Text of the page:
I have a confession to make. I struggle almost every day to stay resilient in the face of stress.
I realize the irony in admitting this. After all, I work in the industry of self-improvement and resilience – an industry where most “experts” purport to live a perfect life, where happiness and success arise almost effortlessly.
I wish I could make a similar claim. But even after over a decade of intensive mindfulness training, on some level, my experience of reality still feels utterly normal. My mind is more open than it was before. But my life still includes daily moments of overwhelm, fear, and profound suffering.
So today, I thought that I would share my personal go-to practice for shifting my energy on those days when I feel anxious, overwhelmed by stress, or exhausted. It’s an ancient practice called yoga nidra.
Of all the inner technologies of the mind, yoga nidra might just be the most powerful – at least for me. Just 10 to 30 minutes of it leaves me feeling rested, recharged, and feeling the deep relaxation of a beach vacation in Mexico.
I stumbled upon this practice a four years ago thanks to my colleague and friend at Life Cross Training Priti Patel. I then did an intensive training on yoga nidra with Rod Stryker– one of the great yoga masters of this generation – to go deeper into the practice.
The phrase yoga nidra essentially means “yogic sleep.” In Sanskrit, nidra means “sleep” or “slumber.” And, if you’ve ever done yoga, you’ve probably experienced a brief taste of it. In almost every yoga class, after finishing a sequence of vigorous postures, you end with 5-10 minutes of total relaxation (savasana), where you lie on your back and let yourself be effortless.
That’s yoga nidra. It’s like the dessert you get to eat at the end of the yoga meal. And I’m here to tell you that you don’t have to do all that hard work of traditional yoga practice– that it’s OK to skip the salad and dive into the dessert.
The benefits of this practice begin with the brain science. As you may know, our mental states correspond to patterns of electrical activity in the brain. Just about all of our waking and sleeping moments can be divided into four states:
Here’s why the science matters. Most of us have a pretty bad Beta habit. We spend the bulk of our waking hours stimulated and engaged. For the most part, this a great thing. It allows us to complete the never-ended list of to-dos that we have each day.
But here’s the problem. This beta habit can get so intense that it becomes a conditioned state that makes it difficult to relax. This is why so many of us feel exhausted and find it difficult to turn off at the end of each day. The reason is that we’ve spent virtually every waking hour building the habit of this hyper-stimulated Beta state.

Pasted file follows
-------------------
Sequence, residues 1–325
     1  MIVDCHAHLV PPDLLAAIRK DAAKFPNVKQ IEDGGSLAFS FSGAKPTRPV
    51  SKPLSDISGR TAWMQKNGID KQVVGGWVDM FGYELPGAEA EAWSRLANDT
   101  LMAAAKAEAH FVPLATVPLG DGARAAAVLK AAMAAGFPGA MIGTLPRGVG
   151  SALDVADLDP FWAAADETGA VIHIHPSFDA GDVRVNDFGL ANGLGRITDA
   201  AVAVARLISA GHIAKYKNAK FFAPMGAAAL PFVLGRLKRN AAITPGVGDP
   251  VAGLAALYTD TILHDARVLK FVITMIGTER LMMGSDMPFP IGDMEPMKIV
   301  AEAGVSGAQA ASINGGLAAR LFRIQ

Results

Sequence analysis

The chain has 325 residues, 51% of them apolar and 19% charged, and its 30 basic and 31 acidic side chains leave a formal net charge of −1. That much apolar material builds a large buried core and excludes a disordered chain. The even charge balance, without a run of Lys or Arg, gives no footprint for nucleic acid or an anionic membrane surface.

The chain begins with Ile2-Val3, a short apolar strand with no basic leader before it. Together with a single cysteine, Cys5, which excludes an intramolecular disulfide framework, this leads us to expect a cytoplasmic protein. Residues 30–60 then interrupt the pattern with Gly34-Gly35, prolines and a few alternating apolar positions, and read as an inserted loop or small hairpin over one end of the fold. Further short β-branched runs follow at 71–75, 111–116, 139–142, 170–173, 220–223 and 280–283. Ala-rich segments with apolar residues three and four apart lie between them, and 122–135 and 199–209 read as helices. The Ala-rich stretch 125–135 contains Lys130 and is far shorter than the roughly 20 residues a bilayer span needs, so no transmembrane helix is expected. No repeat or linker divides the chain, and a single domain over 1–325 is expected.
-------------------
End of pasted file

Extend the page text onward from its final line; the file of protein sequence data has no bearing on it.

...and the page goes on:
And that’s why yoga nidra changed my life. It’s a doorway to a rare but extraordinary state of deep rest and it’s a way of breaking out of this ordinary state of hyper-stimulation. The emerging research on yoga nidra shows that it has a powerful effect on mitigating stress, anxiety, depression, and even PTSD.
The instruction is simple: find 10 to 30 minutes during your day when you can lie down on your back, place your arms at your sides. Let go of all effort and see if you can relax into that subtle space between sleep and waking. Ideally, your mind is aware but your body is asleep.
It’s extremely helpful to use a guided yoga nidra track to walk you through the practice. I recommend the yoga nidra app, Rod Stryker’s guided tracks, Richard Miller’s book (another leading nidra expert), or check out the “relax deeply” module in the XT Digital Program.
Finally, here are a few tips:
First, do this practice a few hours after your last meal. Jumping into yoga nidra right after lunch is a recipe for falling into literal sleep.
Second, make sure that you are in a quiet place, free from distraction.
Third, if you notice that your neck gets tight during the practice, place a soft towel or a thin pillow under your head to support your neck. If you notice you lower back gets tight, place a pillow underneath your knees to support your back.
The final tip is to remind yourself of the productive power of this practice. This is tip because we live in a world where lying on the floor for 10 to 30 minutes can seem like a complete waste of time. Of course, this belief is part of what leads so many people to chronic stress, anxiety, and burnout.
It’s so seductive that you may soon forget the fact that a brief practice like yoga nidra is actually often the best thing you can do to achieve peak states of productivity, creativity, and overall wellbeing.